Wednesday, December 21, 2011

A signature of a "two fluid" picture for a strongly correlated electron system

This post connects two seemingly disparate research topics of interest to me: optical properties of organic molecules and low energy excitations of strongly correlated electron materials. The connecting concept is that of an isosbestic point.

The figure below shows the absorption spectrum of an organic dye  for a range of pH values. Note that there is a wavelength (around 500 nm) at which all the spectra appear to cross. This is called the isosbestic point. Varying the pH varies the relative concentration of two forms of the dye molecule. Each form has a characteristic absorption peak (centred at lambda_1 and lambda_2 in the figure). The isosbestic point occurs at the wavelength at which the absorption due to each of the molecular forms has the same intensity. Hence, at this wavelength varying the relative concentration does not change the absorption intensity.
So what does this have to do with strongly correlated electron materials?
In 1997 Dieter Vollhardt published a PRL, Characteristic Crossing Points in Specific Heat Curves of Correlated Systems which pointed out that in liquid 3He, some heavy fermion materials, and the Hubbard model (solved by dynamical mean-field theory (DMFT)) there was a temperature at which the specific heat curves for different pressures (or Hubbard U or magnetic field) all crossed. Below is shown the data for liquid 3He. The crossing temperature is approximately that at which Fermi liquid theory breaks down.
Below are the curves for the Hubbard model.
This is not an artefact of DMFT since later Chandra, Kollar, and Vollhardt showed it is also present for the exact solution of the one-dimensional model.

I find this quite amazing!

Vollhardt made no mention of isosbestic points which I think would have been well known to many chemists. But, in 2007 there is Isosbestic Points in the Spectral Function of Correlated Electrons by Martin Eckstein, Marcus Kollar and Dieter Vollhardt.
It contains a nice discussion of the essential physics, including the connection to the spectra of dye molecules.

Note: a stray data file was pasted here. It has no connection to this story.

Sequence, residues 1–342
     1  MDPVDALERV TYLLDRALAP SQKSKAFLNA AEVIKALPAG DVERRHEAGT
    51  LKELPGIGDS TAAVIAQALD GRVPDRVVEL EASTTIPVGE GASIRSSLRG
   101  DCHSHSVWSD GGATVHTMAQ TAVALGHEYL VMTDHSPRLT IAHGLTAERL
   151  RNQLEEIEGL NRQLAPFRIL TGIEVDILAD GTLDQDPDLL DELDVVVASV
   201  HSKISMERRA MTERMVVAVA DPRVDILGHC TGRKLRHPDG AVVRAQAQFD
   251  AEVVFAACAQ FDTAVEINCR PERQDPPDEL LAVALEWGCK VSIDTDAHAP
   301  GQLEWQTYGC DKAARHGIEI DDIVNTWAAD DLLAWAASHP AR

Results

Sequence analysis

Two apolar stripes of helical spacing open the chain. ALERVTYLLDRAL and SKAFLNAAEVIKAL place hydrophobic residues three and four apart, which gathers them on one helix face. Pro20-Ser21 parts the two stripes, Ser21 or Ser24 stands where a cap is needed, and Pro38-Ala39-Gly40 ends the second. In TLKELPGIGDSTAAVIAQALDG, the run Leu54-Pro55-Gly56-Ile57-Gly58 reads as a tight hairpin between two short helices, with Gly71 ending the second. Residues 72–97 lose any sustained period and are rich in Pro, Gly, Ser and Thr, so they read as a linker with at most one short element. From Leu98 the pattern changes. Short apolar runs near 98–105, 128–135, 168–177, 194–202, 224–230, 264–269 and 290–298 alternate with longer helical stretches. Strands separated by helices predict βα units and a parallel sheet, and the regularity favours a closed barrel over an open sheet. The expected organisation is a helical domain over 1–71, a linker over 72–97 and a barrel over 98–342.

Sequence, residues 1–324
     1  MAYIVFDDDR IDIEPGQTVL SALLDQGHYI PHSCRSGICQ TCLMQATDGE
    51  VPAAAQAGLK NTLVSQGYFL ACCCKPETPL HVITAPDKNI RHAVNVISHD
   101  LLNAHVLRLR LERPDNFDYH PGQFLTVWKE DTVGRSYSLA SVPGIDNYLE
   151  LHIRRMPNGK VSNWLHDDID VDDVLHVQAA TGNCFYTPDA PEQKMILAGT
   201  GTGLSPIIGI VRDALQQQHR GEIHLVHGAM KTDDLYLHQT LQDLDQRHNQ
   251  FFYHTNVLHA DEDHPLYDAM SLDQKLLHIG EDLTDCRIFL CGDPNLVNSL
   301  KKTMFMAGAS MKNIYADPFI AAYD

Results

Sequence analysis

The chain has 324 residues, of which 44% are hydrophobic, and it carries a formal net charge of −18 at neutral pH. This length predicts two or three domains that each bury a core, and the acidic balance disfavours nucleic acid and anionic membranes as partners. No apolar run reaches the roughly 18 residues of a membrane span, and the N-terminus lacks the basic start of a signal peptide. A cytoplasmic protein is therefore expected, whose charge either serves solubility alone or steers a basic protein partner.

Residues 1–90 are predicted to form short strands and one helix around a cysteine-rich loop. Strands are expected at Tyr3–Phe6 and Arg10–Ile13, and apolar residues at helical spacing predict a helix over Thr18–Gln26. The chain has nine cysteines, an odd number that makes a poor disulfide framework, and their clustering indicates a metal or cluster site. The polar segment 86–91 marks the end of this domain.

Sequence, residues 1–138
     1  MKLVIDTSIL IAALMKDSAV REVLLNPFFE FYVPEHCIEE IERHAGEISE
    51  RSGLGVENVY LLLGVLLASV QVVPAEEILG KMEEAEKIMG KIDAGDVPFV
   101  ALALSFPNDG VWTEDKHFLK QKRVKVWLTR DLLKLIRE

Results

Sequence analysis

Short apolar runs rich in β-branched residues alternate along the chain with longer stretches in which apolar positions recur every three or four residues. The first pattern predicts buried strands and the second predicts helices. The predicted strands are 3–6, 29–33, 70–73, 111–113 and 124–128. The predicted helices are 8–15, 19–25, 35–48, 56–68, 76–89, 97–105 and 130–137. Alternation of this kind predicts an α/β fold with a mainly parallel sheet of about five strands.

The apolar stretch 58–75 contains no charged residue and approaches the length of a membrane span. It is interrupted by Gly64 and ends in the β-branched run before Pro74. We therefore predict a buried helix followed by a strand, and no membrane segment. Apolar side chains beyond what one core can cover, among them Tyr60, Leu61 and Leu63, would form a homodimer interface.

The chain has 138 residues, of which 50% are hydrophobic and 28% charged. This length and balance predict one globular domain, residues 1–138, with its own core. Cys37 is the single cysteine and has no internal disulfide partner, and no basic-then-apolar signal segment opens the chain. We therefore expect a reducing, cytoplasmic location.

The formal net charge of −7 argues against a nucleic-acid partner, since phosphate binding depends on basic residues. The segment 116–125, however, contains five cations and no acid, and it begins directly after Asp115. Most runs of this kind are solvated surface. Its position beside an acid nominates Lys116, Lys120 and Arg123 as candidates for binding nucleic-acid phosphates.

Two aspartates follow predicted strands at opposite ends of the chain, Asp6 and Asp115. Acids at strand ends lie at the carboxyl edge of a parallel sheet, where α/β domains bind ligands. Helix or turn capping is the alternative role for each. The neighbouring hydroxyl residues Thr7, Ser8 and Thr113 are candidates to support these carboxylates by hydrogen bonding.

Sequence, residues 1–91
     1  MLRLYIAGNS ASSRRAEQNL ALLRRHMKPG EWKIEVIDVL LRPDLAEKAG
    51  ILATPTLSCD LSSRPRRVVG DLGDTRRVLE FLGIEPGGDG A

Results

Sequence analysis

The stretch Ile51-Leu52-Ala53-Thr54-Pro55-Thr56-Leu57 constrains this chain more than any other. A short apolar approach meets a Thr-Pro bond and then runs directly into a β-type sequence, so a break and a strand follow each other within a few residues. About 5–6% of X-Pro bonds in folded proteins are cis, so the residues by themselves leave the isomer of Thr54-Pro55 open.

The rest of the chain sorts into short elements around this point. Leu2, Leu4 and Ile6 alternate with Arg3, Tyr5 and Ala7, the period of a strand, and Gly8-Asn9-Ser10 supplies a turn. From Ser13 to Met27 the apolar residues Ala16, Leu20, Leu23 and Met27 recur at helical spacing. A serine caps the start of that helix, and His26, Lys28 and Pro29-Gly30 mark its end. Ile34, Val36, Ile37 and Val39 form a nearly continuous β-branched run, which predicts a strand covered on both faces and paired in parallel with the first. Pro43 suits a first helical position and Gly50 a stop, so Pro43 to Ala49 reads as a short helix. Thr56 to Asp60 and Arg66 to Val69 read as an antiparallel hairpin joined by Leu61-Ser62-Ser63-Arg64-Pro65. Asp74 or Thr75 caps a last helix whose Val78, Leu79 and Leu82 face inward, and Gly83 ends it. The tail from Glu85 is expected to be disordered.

The paper contains the figure below of the spectral density for a Hubbard model (calculated with DMFT). The horizontal scale is frequency (omega) and the dashed curve is the non-interacting density of states.

So what does this all mean?

The key idea is one of "two fluids" i.e., that as one varies the relevant parameter (pressure, magnetic field or Hubbard U) all one is doing is varying the relative concentration of the two fluids. A sum rule requires one fluid must be converted into another. In the case of the Hubbard model the total number of electrons (area under A(omega)) is conserved. As one increases U one decreases the spectral weight in the Fermi liquid component (centred at omega=0) and increases the weight of the Hubbard bands (centred at omega=+-U/2).


  1. With respect to high Tc superconductivity, this should give you some insight on how the enormous (optical) pairing energies are manifested (or alternatively - hidden) from the low energy excitations of the system as it undergoes a BCS to BEC transition (or alternatively a BEC to BCS transition). The specific mechanism of spectral weight transfer is the interesting question, one that Philips ascribes to 'Mottness', but there may be others.

    My pet theory is field induced superconductor to insulator transitions at half filling, something that most would claim doesn't exist.

  2. Sure there is spectral weight transfer, but why should there be an exact isobetic point? That seems to be what is implied in this work. If the crossing is not exact (or is becoming exact in the limit of zero temperature), then it is a bit of a red herring and of limited utility. Better to just talk of spectral weight transfer...

  3. While it is true that isosbestic points and accompanying van't Hoff scaling can be a marker of two state behavior, a much more general interpretation admits that any continuous equilibrium distribution might display this behavior (a result that I have found very interesting).

    This is written about from the perspective of a physical chemist here:

  4. The problem with this dissertation is that something is fluctuating. That implies two phases or states at the very least. In this case, it is the bath coupled to the solute. A microscopic examination of the solute bath composite would reveal the details of the coupling, but certainly it must be there.

    In the case of the high temperature superconductors, at the very least there is a microscopic phase separation, which implies two microscopic competing domains, and percolative behavior. This has recently been demonstrated even for the doped bismuth oxides.